SCOTTSDALE, AZ (KOLD) - Sen. John McCain, R-AZ, on Sunday night warned Syria and Iran not to underestimate forces of change in the Islamic world.
McCain, speaking to the 2011 AIPAC Summit at the Scottsdale Princess Resort, said Syrian President Bashar Assad's crackdown on dissidents looks like ousted Libyan President Moammar Gadhafi's failed battle against rebels in the north African nation.
"This is increasingly the question about Syria," McCain said. "The Assad regime has spilled too much blood to stay in power. Its days are numbered, but it will use those days to murder more of its own people. In this way, there is no moral distinction whatsoever between the case of Syria and that of Libya.
"The Assad regime should not assume that it can get away indefinitely with mass murder. Gadhafi made that mistake, and it cost him everything," McCain said.
Assad warned Sunday the Middle East will burn if the West intervenes in his country's 7-month-old uprising. He threatened to turn the region into "tens of Afghanistans."
Assad's comments, published in an interview with Britain's Sunday Telegraph, were his harshest so far regarding the potential for foreign intervention. But they belie a growing concern over the possibility of some sort of Western military action after months of NATO airstrikes helped Libyans unseat and kill Gadhafi.
"Syria is the hub now in this region. It is the fault line, and if you play with the ground, you will cause an earthquake," Assad said. "Do you want to see another Afghanistan, or tens of Afghanistans?"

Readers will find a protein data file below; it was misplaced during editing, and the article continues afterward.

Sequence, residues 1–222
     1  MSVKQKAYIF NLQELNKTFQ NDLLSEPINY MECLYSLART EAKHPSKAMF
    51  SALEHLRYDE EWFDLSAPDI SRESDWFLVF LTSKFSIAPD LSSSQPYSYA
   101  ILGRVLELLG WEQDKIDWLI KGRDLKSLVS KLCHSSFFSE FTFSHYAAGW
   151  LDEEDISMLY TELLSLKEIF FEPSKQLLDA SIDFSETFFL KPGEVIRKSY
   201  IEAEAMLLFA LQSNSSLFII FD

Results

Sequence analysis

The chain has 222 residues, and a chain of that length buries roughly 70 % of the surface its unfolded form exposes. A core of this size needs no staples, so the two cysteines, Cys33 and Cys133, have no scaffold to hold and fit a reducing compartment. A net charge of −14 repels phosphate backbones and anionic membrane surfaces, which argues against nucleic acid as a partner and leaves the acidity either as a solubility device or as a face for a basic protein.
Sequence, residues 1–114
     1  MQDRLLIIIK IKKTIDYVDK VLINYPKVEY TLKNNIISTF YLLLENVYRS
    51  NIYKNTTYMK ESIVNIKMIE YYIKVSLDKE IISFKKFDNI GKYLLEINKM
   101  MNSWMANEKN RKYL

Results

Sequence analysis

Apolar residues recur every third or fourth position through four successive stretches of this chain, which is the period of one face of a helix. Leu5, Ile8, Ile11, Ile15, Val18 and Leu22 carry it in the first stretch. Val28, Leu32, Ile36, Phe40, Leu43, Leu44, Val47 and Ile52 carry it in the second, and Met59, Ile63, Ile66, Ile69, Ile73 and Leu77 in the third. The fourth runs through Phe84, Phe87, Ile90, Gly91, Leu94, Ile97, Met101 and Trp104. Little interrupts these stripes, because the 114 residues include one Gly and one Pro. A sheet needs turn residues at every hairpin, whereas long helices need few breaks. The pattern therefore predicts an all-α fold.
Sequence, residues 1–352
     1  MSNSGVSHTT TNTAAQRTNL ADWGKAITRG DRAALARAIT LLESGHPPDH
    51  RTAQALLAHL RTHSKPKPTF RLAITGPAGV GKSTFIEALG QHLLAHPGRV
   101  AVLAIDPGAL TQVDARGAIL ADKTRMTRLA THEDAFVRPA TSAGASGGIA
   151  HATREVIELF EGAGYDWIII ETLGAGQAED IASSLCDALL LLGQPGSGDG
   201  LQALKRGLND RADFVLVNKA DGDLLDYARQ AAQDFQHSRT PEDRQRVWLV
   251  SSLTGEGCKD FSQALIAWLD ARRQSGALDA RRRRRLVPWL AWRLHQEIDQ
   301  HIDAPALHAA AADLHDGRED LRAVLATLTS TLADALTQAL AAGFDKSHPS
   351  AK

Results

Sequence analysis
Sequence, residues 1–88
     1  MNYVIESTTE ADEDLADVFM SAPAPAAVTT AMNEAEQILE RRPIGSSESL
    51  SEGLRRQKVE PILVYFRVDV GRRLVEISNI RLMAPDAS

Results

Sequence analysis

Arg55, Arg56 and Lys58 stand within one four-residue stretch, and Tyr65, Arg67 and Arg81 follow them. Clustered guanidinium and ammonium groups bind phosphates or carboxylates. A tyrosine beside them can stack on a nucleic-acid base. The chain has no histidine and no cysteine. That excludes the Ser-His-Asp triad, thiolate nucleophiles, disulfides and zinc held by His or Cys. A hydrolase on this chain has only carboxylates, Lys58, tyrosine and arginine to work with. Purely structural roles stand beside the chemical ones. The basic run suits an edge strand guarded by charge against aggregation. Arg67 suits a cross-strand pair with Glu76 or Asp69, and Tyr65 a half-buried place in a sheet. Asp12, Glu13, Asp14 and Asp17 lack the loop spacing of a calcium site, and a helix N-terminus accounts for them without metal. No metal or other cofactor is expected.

McCain said Iran's plot to assassinate the Saudi Arabian ambassador to the United States on American soil reminded the world of the Iranian threat.
"Their plot to assassinate the Saudi ambassador in Washington has only reminded us of the threat posed by this regime -- how it is killing Americans in Iraq and Afghanistan, supporting violent groups across the region, destabilizing Arab countries, propping up the Assad regime, seeking nuclear weapons, and trampling on the dignity of its own people," McCain said.
"No issue unifies Americans, and their representatives in Congress, more than the need to protect our friends, our allies, and our interests from the comprehensive threat posed by the Iranian regime. No one should test our resolve on this matter."
Includes information from The Associated Press.
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